Animal Care
Veterinarian

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Salary: $52492 - $94875
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Hourly: $27.16 - $57.98
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Outlook: 5 Stars
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Length of Training: 6-8 years
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Career Explorer
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Roadmap
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Veterinarians, or doctors of veterinary medicine (DVMs), protect the health and welfare of animals. They diagnose and control animal diseases, treat sick animals, prevent the transmission of animal diseases to people, and advise owners on proper care of pets and livestock.

Veterinarians ensure a safe food supply by maintaining the health of livestock. They also protect the public from the residues of herbicides, pesticides, and antibiotics that may be found in livestock. They are involved in wildlife preservation and conservation, animal feed production, preventive medicine, and increasing food production through genetics.

Areas of Specialization
Veterinarians may specialize in large animal care (such as horses or cows) or small animal care. Veterinarians who work in private clinical practice or in academic settings may become specialists in surgery, anesthesiology, ophthalmology, radiology, or nutrition. DVMs can pursue any of 20 specializations, with an additional 21 sub-specialties available.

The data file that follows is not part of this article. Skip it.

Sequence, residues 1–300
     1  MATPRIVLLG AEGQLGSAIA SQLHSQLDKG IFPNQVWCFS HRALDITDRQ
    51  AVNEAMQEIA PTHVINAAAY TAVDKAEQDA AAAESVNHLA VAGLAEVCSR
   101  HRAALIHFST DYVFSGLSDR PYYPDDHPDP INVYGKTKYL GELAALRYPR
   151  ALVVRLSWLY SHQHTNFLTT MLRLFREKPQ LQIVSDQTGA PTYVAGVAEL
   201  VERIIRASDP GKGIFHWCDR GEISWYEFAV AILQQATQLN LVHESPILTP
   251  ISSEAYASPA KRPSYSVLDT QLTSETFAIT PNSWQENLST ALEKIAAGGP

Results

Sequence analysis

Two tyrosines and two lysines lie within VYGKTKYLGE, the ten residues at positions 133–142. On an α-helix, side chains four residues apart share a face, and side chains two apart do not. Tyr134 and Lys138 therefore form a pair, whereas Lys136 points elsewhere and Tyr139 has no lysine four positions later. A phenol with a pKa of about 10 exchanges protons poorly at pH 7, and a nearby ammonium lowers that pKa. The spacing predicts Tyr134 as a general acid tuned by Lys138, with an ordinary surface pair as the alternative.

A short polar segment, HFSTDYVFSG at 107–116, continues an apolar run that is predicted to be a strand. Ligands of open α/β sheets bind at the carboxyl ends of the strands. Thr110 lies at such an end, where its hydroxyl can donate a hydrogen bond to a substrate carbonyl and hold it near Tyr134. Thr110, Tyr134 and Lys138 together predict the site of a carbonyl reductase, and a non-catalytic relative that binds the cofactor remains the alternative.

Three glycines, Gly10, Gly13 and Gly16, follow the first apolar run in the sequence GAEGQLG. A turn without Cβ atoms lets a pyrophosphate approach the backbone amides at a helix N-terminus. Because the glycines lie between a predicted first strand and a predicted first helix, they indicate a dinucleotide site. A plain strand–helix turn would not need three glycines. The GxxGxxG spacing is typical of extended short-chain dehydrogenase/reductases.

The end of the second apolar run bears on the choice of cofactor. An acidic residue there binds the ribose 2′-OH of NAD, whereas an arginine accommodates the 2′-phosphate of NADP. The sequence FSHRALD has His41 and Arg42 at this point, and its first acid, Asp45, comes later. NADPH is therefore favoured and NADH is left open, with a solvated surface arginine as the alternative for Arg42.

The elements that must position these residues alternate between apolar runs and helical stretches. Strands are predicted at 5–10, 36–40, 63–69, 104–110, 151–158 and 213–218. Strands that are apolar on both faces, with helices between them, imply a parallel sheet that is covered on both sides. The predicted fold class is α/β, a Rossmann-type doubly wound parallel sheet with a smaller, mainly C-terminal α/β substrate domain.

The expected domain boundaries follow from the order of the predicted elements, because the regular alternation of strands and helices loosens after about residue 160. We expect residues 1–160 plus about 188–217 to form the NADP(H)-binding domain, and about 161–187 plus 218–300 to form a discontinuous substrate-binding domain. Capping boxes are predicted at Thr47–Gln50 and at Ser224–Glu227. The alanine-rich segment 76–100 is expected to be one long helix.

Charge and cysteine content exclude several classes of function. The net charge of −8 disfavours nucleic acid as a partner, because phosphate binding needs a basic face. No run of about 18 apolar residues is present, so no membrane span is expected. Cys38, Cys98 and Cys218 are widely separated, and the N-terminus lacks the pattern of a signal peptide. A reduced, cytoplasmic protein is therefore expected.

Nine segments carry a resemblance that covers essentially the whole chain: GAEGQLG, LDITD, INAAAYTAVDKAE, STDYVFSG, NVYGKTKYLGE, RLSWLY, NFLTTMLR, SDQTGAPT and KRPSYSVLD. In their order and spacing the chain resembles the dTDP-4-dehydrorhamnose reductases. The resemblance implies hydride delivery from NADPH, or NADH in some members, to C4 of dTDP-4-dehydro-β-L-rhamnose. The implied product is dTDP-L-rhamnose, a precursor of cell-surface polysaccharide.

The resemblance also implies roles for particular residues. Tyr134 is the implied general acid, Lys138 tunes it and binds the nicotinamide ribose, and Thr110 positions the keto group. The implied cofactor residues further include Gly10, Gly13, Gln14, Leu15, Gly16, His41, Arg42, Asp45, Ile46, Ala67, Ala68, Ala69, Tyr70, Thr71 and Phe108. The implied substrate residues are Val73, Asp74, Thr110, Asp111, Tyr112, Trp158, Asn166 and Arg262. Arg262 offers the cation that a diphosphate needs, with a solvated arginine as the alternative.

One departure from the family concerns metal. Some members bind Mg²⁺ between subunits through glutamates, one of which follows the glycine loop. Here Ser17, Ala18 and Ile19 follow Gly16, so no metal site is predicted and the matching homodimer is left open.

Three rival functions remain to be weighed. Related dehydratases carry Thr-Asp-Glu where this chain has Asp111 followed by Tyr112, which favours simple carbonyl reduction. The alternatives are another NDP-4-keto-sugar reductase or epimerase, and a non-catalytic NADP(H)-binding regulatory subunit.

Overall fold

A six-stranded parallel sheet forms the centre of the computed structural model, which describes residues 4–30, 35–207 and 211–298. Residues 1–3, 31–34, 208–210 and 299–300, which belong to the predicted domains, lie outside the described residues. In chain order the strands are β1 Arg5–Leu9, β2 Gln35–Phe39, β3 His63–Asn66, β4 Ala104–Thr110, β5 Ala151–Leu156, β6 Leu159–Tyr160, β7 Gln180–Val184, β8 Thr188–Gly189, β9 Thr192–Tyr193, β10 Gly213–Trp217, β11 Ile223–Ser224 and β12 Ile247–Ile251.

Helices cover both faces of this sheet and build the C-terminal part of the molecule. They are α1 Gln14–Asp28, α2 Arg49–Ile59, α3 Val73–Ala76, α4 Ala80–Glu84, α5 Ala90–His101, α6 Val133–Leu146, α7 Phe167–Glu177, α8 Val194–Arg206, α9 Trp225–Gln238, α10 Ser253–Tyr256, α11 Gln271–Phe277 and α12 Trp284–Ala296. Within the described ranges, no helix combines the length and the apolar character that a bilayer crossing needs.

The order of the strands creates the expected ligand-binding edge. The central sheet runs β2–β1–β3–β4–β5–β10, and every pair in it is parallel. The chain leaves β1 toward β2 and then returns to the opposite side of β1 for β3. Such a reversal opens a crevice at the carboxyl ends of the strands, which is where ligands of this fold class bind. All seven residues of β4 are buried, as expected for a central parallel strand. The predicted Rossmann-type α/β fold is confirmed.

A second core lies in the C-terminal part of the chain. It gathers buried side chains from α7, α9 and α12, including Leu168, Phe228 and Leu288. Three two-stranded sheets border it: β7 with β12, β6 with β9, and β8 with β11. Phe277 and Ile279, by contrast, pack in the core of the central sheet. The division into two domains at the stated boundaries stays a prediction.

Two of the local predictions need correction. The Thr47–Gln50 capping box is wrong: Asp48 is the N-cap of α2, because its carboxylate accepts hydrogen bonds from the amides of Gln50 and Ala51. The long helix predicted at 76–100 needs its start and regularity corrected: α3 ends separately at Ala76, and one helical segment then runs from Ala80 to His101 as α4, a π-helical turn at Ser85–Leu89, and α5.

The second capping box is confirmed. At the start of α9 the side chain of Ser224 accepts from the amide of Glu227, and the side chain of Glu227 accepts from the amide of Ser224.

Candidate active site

Work Environment

Veterinarians may work in private practice or as part of a veterinary health team. Those who treat pets and livestock usually work in veterinary clinics and hospitals. Those in large-animal practices may also work out of specially-equipped trucks or cars and may drive considerable distances to farms and ranches. Veterinarians may work outdoors in all kinds of weather. They are often assisted by veterinary assistants, technicians, or other professionals. Veterinarians are also employed in various branches of federal, state, county, and city governments.

Pharmaceutical and biomedical research firms use veterinarians to develop, test, and supervise the production of drugs, chemicals, and biological products that are designed for human and animal use. Some veterinarians are employed in management, technical sales and services, and marketing in agribusiness, pet food companies, and pharmaceutical companies. Still other veterinarians are engaged in research and education at veterinary and medical schools, work for racetracks or animal-related enterprises, or are employed by the military, public health co-ops, and space agencies.

The chief risk for veterinarians is injury by animals. Modern tranquilizers and technology have made it much easier for women and men to work on all types of animals. Exposure to animal disease is no greater for veterinarians than for the general public.

Advancement
Research and teaching positions usually require an additional master's degree or a doctorate in education. Veterinarians who seek specialty board certification in one of the 20 specialty fields must complete three to five year residency programs and must pass an examination.